When requiring original image data, the image file of the original image data is added to the page data file, so as to be taken out to external environment while being stored in an off-line storage medium, such as a floppy disk or the like.

When printing the page data, the data hierarchical layer of the layed out image data portion to be processed and used is changed in accordance with the capability of the printer. For example, when using a high-picture-quality printer capable of printing a picture frame for one page comprising 100,000 original image data is called for the layed out image data portion, and is made to be printing data. Processing is performed in accordance with the setting for the tone of the image and the like recorded in the image header.

When printing the page data using a printer capable of printing a picture frame for one page comprising about 1,000 performed using image data layed out in the page.

Although the case of printout has been described, the same processing may be performed also when displaying the page data on a liquid-crystal monitor or a projector.

According to the above-described configuration, when outputting the page data to a low-resolution output device, image data can be output at a high speed without using a high-picture-quality large-capacity image data file. When outputting the page data to a high-resolution output device, high-picture-quality image data can be output.

Next, a description will be provided of processing of data when editing image data.

FIG. 8 illustrates original image data 801 displayed on the monitor 209, and indicates a state in which a region 802 of the original image data 801 is assigned by the mouse 207b and is segmented.

In this case, as shown in FIG. 9, the displayed original image data 801 corresponds to data 805 in original data 803. A hatched portion in the data 805 corresponds to the segmented portion 802. Data 806 is obtained by compressing the data 805.

By executing segmenting, data 807 segmented from the data 805, and data 808 obtained by compressing the data 807 are generated, and are stored as data 804 after segmenting, serving as a particular file.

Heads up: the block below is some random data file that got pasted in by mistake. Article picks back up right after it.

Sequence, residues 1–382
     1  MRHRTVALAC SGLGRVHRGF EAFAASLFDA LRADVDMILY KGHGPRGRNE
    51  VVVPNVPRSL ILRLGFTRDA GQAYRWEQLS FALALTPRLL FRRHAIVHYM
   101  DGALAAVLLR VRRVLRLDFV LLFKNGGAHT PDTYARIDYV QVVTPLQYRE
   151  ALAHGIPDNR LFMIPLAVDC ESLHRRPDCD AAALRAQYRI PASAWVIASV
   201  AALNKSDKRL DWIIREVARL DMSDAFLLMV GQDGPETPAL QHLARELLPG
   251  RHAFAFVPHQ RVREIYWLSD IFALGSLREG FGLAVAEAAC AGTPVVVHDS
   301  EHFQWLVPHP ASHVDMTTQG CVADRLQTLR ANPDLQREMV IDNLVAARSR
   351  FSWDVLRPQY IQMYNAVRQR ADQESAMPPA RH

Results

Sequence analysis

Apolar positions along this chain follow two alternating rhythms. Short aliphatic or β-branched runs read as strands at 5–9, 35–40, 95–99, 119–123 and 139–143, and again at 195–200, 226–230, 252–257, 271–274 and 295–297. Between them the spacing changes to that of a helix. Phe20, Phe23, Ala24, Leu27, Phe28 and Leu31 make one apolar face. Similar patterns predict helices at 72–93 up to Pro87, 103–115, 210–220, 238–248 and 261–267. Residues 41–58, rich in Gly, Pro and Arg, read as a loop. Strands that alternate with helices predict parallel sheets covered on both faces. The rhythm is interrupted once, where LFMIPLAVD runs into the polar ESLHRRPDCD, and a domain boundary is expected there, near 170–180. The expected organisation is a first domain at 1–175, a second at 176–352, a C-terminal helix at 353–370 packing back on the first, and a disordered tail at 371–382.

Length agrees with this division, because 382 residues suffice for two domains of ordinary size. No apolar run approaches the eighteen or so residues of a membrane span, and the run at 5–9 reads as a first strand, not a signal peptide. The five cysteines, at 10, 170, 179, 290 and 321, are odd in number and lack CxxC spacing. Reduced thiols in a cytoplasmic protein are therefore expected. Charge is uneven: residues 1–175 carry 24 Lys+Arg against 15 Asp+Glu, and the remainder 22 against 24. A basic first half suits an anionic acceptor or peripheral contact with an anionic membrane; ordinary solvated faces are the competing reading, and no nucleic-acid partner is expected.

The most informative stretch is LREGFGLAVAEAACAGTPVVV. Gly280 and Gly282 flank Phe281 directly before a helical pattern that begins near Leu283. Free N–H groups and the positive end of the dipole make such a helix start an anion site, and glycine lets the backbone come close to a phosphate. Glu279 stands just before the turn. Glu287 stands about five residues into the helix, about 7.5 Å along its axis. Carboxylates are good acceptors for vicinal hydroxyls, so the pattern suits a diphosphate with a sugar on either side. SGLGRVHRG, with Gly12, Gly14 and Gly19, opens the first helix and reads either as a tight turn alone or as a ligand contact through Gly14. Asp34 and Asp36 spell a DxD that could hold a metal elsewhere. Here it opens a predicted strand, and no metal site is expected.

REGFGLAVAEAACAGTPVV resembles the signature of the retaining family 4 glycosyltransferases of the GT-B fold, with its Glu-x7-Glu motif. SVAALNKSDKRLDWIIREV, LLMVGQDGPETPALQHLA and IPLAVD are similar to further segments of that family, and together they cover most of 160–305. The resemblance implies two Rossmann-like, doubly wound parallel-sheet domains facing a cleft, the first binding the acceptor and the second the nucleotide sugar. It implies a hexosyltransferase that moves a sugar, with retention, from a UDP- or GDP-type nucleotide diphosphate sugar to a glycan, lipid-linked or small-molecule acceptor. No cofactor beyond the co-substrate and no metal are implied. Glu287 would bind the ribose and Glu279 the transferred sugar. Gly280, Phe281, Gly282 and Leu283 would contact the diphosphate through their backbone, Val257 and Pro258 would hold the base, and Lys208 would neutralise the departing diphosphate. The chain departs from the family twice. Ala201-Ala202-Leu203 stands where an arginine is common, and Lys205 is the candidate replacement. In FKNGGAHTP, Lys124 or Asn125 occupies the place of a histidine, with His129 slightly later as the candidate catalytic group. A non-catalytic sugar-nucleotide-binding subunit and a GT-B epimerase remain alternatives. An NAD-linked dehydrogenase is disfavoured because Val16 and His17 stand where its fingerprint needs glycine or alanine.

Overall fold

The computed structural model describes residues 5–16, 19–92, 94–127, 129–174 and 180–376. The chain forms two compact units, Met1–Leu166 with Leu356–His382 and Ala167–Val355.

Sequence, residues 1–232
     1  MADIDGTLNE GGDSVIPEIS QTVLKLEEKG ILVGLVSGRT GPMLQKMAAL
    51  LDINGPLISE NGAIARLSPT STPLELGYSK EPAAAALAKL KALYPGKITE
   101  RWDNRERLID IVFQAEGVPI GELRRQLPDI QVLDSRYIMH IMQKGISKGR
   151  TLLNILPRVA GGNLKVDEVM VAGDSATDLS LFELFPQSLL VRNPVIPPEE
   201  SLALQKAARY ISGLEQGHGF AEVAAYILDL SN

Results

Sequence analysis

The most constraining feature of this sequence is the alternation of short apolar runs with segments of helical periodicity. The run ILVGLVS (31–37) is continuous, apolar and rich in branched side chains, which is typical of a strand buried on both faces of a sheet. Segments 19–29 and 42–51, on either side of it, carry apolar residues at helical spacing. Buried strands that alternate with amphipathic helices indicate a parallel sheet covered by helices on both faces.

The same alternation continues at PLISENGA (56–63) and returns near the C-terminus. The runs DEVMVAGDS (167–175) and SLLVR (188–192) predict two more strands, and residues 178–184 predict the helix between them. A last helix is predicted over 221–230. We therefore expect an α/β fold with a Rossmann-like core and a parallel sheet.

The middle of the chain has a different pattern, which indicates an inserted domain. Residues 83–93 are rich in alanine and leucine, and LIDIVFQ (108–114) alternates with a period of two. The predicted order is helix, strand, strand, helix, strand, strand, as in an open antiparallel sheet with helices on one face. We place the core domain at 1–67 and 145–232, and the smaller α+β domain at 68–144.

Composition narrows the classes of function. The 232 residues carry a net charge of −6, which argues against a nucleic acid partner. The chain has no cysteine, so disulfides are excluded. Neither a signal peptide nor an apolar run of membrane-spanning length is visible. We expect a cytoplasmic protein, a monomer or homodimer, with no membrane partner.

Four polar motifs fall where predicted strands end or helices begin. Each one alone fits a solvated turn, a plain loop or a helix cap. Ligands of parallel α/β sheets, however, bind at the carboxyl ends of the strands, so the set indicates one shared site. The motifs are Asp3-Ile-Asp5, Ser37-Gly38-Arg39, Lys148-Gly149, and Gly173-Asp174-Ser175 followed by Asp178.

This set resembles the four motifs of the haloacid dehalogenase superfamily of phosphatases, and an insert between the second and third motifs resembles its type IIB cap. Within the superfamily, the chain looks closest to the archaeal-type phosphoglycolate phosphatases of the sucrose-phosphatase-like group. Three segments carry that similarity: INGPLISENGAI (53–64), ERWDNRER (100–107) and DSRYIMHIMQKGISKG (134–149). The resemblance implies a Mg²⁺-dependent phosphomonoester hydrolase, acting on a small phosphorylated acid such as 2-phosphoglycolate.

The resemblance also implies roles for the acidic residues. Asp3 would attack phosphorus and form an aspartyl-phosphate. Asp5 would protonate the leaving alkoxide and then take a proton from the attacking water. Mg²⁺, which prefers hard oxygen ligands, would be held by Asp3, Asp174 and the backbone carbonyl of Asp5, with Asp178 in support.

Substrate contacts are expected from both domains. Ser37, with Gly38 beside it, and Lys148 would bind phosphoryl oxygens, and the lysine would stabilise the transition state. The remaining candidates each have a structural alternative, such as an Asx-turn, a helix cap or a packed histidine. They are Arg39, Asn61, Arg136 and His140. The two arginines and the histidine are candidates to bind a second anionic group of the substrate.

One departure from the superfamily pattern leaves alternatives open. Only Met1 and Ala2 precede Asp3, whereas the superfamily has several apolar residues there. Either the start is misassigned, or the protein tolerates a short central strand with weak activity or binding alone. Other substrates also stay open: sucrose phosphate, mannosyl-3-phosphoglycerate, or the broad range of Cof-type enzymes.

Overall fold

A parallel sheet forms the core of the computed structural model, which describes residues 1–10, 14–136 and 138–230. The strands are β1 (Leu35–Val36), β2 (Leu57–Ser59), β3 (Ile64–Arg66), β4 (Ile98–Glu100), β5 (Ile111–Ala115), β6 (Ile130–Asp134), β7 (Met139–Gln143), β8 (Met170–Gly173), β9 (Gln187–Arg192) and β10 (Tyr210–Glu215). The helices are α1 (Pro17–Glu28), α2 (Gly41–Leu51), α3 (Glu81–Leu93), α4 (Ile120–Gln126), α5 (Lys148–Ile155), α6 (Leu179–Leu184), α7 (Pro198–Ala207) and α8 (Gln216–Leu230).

As shown in FIGS. 10A-10C, also in the case of data 1003 (FIG. 10C) formed by synthesizing data 1001 (FIG. 10A) and data 1002 (FIG. 10B), a particular file is generated and stored, as described with reference to FIGS. 8 and 9.

Third Embodiment

Next, a desription will be provided of a method for laying out a presentation window using a moving image according to a third embodiment of the present invention.

In the third embodiment, a case of providing a Hivision (the trade name of a high-definition television system) image as an input image will be described.

Image data 70 (see FIG. 12) comprising about 1,800 sequentially input as a file from the moving-image input device 207d with a time interval of 1/60 second. Large-capacity data is, of course, filed during a long period of time. When inputting such image data, the amount of the data is, in some cases, reduced according to a compression program conforming, for example, to JPEG, MPEG (Moving Picture Experts Group) or like. The data thus input is stored in the image data block 112 (the external storage device 205) via the file control block 111 (realized in this embodiment by execution of a processing program stored in the ROM 202 by the CPU 201, though it may also be realized using dedicated hardware).

At that time, as described in the foregoing embodiment, a standard image data file may be immediately formed as in the case of a still-image file, or, as will be described later, may be formed after determining the picture-drawing rate and the size of the presentation window in the page.

A description will now be provided of a case of not immediately forming standard image data.

As in the second embodiment, when a moving-image file to be layed out in a page to be formed is selected, header information of the selected moving-image file is read from the external storage device 205, and a window having the number of pixels of original image data appears on the page (on the display picture surface of the monitor 209).

For example, as shown in FIG. 11, when laying out Hivision moving-image data on a page picture frame 61 on a VGA monitor 60, since the number of pixels of the moving-image data is large, the entire moving-image data cannot be displayed unless the entire page picture frame 61 is displayed while being reduced.

By adjusting the lines of a displayed window 62 using the mouse 207b, the size of the window 62 is determined. The picture-drawing rate of the moving image to be displayed on the window 62 is input through the keyboard 207a. Moving-image data for presentation is formed from the corresponding moving-image file stored in the external storage device 205 based on the above-described data (the window size, the picture-drawing rate and the like).

If image data 71 for presentation comprises 180 rate of 1/10 second, original image data is decoded from data compressed according to the JPEG method into noncompressed data by the file conversion block 114 (realized in this embodiment by executing a processing program stored in the ROM 202 by the CPU 201, though it may be realized using dedicated hardware), so that both the number of pixels and the picture-drawing rate are reduced.

The obtained moving-image data may be compressed again according to the JPEG method or the like. Header information in which the method of conversion, and the like are described is added to that data, and the resultant data is stored in the external storage device 205 together with the original image data.